Pic from Unsplash
The moment I experienced Yoga Nidrā with one of my first yoga teachers, Stephane Sisson, I was in love. She led us through a powerful meditation during śavāsana, corpse pose, at the end of class and I felt like I was transported to another place and time. The relaxation and ease I felt when I emerged from the meditation was nothing like I had ever experienced.
Yoga is the Sanskrit word for union or yoke. I think of Yoga as a means of coming home to ourselves to the place of wholeness and divinity that is our essence. That essence is always there, however it can be covered by the experiences we have in life, pleasant and unpleasant, that make us forget that we are unbroken, undamaged and absolutely perfect.
Nidrā is the Sanskrit word for sleep. The Māṇḍūkyopaniṣad describes 4 states of consciousness: waking, dreaming, deep sleep and turiya. Turiya isn’t really a state of consciousness but an all encompassing experience of awareness that envelops and pervades the other states.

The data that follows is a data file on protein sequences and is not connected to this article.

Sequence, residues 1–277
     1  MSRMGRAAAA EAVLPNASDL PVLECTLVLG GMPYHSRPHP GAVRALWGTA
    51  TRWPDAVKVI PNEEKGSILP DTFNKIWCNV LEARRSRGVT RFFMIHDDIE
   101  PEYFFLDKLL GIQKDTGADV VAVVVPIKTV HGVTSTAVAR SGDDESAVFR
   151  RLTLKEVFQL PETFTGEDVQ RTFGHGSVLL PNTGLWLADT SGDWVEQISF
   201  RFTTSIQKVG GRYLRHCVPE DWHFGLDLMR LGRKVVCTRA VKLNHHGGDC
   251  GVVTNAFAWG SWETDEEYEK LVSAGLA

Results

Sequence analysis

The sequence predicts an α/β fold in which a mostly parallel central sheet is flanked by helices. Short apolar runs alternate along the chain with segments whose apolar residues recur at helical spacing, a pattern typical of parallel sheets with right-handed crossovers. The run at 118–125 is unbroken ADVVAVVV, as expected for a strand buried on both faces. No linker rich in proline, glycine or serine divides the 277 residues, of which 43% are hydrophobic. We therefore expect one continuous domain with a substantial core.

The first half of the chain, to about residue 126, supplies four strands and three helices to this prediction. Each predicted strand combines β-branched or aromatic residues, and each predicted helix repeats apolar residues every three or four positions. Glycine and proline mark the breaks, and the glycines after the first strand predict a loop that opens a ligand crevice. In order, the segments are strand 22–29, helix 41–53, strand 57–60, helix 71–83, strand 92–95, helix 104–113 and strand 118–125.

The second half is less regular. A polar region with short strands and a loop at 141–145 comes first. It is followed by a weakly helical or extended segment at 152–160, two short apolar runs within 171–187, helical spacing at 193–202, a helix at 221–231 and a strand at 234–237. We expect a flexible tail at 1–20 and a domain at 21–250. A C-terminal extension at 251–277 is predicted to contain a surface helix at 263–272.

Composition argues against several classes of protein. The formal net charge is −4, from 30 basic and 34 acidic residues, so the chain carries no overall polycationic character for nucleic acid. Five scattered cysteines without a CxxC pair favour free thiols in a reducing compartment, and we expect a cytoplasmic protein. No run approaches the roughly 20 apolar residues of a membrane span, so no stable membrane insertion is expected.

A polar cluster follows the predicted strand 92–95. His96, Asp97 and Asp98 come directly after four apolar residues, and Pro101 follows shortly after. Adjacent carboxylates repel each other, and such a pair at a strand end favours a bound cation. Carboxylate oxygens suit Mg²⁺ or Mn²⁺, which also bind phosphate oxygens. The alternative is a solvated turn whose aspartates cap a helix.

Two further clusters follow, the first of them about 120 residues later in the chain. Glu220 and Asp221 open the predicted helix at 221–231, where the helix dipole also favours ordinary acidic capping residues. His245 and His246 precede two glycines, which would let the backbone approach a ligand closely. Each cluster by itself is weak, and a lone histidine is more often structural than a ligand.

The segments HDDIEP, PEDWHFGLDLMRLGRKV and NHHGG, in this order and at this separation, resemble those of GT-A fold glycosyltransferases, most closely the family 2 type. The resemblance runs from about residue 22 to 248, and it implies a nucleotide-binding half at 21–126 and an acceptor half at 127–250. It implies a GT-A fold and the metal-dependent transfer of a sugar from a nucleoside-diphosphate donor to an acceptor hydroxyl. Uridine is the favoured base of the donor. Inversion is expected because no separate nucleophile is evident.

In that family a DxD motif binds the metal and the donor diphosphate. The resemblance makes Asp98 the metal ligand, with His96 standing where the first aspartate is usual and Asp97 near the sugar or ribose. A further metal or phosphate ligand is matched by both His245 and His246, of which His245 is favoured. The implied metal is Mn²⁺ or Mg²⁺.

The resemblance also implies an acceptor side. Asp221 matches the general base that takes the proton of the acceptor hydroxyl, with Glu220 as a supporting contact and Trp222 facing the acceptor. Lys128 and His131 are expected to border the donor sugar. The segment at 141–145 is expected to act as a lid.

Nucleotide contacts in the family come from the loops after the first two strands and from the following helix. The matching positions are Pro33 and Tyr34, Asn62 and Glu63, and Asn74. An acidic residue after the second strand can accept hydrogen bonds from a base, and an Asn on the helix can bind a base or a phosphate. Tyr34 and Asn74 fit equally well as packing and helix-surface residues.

In the Bhagavad Gītā, one of the core texts on Yoga, Kṛṣṇa tells Arjuna in Chapter 2, Verse 69: What all beings consider as day is the night of ignorance for the wise, and what all creatures see as night is the day for the introspective sage.
What I have learned about these states of consciousness from my teacher, Dr. Kavitha Chinnaiyan, has radically changed the way I look at my mind. In her teachings on the Bhagavad Gītā she explains that most people are dreaming the majority of the time and are rarely truly “awake.”
I found this to be true in my own experience. When I am going about my day, if I pause and check in I am typically not present to what is in front of me. I am walking, but thinking about the errand I have to do later. I am eating and replaying a conversation I had yesterday. Dreaming is another way to see how I am not awake to each moment. Similar to my dreams at night I am living in a fantasy of what might happen if I say this or how that conversation could have gone if I had done that. The majority of my “waking” life is actually spent dreaming.